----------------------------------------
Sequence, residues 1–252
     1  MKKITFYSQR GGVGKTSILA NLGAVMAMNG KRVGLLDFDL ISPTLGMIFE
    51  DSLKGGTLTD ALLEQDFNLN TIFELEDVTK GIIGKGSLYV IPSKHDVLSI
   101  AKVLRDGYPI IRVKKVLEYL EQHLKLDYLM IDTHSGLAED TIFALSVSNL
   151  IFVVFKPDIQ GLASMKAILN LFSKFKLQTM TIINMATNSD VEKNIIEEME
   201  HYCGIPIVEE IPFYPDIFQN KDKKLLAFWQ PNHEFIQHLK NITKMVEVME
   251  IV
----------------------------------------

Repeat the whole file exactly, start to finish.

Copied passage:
Sequence, residues 1–252
     1  MKKITFYSQR GGVGKTSILA NLGAVMAMNG KRVGLLDFDL ISPTLGMIFE
    51  DSLKGGTLTD ALLEQDFNLN TIFELEDVTK GIIGKGSLYV IPSKHDVLSI
   101  AKVLRDGYPI IRVKKVLEYL EQHLKLDYLM IDTHSGLAED TIFALSVSNL
   151  IFVVFKPDIQ GLASMKAILN LFSKFKLQTM TIINMATNSD VEKNIIEEME
   201  HYCGIPIVEE IPFYPDIFQN KDKKLLAFWQ PNHEFIQHLK NITKMVEVME
   251  IV